A recent scientific study by acclaimed journal Nature has compared cryptocurrency mining to mineral mining in terms of energy used for producing the same market value. The study provides interesting insight into this domain and shows how cryptocurrency mining is affecting the energy footprint in the world.
The study, conducted by Department of Energy scientists at the Oak Ridge Institute for Science and Education, compares major cryptocurrencies like Bitcoin, Ethereum, Monero and Litecoin to aluminum, copper, gold, platinum and rare metal oxides in the Earth’s crust.
According to the study, it reviewed the different mining systems from 1 January to 30 June 2018. It found that Bitcoin mining took 17 Megajoules (MJ) to USD 1 value. Ethereum and Monero used 7 and 14 MJ of energy respectively to create the same dollar value.
In comparison to the cryptocurrency mining figures, aluminum, gold, Copper, Platinum and rare earth metal oxides used 122, 4, 5, 7, and 9 MJ respectively for this purpose. In summary, all metals studied except for aluminum used less energy in their mining than Bitcoin.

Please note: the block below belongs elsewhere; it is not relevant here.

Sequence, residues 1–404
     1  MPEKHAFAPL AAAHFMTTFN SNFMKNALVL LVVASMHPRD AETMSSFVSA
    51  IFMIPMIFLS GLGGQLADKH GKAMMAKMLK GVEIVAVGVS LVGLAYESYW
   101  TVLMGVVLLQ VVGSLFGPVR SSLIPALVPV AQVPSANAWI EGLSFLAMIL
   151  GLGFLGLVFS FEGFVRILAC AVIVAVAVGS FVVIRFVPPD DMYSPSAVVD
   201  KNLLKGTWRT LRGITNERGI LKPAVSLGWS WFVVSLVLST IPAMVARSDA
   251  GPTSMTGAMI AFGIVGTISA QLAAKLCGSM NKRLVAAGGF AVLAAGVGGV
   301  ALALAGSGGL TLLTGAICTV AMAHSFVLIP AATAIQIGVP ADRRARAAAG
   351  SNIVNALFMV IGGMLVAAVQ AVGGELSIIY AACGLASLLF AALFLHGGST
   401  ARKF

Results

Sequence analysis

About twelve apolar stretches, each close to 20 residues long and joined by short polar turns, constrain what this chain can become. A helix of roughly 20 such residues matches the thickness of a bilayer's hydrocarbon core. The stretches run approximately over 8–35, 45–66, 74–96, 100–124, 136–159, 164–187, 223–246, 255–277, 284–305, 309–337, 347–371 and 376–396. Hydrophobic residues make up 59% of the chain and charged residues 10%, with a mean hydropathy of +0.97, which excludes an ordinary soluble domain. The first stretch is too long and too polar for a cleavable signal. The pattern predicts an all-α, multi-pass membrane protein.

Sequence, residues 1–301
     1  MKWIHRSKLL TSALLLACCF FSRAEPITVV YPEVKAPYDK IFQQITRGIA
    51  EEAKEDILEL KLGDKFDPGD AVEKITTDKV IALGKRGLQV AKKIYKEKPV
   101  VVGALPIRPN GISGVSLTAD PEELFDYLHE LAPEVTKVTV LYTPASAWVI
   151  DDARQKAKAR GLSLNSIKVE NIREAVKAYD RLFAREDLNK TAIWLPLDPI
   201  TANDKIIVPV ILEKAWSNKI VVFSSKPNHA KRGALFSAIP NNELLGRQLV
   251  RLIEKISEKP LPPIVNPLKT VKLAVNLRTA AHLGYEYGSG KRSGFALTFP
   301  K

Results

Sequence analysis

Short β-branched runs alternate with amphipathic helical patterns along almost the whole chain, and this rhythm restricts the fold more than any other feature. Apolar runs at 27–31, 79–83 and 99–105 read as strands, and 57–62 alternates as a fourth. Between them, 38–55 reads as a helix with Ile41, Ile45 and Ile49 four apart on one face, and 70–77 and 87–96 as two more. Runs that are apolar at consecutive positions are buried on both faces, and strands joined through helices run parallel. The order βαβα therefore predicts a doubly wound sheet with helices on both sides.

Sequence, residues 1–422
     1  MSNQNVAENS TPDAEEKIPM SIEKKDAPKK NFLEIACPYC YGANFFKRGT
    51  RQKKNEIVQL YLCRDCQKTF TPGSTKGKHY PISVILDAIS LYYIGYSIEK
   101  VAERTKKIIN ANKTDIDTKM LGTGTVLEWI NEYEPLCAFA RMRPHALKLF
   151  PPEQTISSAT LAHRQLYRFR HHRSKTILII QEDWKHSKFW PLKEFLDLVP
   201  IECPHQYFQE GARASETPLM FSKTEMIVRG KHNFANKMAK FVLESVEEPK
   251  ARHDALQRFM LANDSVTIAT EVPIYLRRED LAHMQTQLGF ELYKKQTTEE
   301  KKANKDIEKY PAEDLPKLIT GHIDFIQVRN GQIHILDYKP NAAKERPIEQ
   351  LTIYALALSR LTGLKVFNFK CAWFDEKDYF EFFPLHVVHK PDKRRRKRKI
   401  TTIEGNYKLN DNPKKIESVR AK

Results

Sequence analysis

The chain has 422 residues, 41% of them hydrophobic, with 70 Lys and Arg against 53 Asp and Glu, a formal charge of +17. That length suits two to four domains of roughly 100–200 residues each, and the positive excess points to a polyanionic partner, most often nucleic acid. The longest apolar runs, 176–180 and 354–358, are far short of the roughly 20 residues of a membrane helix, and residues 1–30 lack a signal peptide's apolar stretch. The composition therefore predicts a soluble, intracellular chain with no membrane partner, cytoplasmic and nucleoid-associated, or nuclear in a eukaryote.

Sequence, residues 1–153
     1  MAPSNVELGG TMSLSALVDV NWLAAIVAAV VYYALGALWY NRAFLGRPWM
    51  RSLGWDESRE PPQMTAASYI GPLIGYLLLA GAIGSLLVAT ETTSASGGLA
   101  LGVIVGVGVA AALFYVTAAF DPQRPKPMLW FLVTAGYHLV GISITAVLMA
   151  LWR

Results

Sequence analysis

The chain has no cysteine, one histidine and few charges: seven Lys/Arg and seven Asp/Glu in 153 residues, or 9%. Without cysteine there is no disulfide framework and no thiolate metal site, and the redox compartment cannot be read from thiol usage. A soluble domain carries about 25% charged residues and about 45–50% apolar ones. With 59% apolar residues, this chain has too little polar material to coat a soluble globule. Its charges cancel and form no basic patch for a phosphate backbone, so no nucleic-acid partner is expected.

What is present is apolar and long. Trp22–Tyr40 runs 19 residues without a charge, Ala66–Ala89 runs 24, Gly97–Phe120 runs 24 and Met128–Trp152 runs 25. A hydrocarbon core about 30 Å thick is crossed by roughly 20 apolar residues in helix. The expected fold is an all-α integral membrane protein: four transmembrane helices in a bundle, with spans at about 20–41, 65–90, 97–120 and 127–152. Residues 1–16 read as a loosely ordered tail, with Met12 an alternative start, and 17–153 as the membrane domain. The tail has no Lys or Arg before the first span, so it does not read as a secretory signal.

An equal amount of energy (7 MJ) is required to mine the same dollar values for Litecoin, Ethereum and platinum. Copper and gold take a lot less in their mining efforts than any of these cryptocurrencies. Rare Earth oxides, valuable for electronics, also consume more energy than Litecoin and Ethereum mining.
The report also states that energy dedicated to cryptocurrency mining is expected to increase in the future, averaging today around 19 MJ compared to 17 MJ in 2016. The study also focuses on the carbon imprint of cryptocurrencies which has been criticized by clean energy experts because of miners’ tendencies to look for cheaper alternatives to fossil fuels for mining purposes.
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